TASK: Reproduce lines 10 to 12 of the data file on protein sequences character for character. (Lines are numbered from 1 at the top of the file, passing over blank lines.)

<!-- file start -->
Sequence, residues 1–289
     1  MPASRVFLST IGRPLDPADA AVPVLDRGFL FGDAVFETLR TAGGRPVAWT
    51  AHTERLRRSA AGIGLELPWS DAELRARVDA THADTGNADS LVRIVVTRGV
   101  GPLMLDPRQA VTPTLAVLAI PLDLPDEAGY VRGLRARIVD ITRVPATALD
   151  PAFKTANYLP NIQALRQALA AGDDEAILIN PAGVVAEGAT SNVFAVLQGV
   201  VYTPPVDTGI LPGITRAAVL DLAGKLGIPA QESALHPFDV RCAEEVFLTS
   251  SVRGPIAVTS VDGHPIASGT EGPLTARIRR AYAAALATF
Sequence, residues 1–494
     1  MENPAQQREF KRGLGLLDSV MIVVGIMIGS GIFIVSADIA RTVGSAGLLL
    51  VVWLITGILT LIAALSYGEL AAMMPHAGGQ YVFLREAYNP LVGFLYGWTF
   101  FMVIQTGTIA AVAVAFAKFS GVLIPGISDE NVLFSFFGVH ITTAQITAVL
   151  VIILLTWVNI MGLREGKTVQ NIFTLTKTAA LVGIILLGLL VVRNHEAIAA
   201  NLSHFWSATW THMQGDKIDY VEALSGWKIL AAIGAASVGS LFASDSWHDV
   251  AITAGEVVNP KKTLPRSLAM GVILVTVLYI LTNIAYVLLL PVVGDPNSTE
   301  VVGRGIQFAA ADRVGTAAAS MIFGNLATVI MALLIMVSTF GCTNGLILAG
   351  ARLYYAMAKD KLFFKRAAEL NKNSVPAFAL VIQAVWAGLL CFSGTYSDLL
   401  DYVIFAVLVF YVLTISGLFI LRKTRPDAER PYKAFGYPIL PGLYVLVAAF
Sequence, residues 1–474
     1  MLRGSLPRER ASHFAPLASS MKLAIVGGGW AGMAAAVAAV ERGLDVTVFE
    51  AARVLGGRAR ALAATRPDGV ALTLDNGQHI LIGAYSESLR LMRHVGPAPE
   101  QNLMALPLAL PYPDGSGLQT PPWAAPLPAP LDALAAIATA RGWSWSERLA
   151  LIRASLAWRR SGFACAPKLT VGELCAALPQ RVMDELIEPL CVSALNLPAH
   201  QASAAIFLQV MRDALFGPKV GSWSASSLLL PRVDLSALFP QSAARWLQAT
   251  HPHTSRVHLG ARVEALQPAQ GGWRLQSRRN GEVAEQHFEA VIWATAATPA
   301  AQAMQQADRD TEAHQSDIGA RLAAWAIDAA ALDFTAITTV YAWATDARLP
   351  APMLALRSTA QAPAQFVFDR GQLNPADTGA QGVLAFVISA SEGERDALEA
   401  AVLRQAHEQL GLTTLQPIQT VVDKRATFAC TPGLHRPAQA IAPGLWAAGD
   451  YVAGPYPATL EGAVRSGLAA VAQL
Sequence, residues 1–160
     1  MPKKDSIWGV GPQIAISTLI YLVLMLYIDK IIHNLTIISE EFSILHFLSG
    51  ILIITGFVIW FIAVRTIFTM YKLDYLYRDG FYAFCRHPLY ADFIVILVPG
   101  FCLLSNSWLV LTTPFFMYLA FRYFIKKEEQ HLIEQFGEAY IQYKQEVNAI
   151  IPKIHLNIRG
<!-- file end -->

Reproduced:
    51  VVWLITGILT LIAALSYGEL AAMMPHAGGQ YVFLREAYNP LVGFLYGWTF
   101  FMVIQTGTIA AVAVAFAKFS GVLIPGISDE NVLFSFFGVH ITTAQITAVL
   151  VIILLTWVNI MGLREGKTVQ NIFTLTKTAA LVGIILLGLL VVRNHEAIAA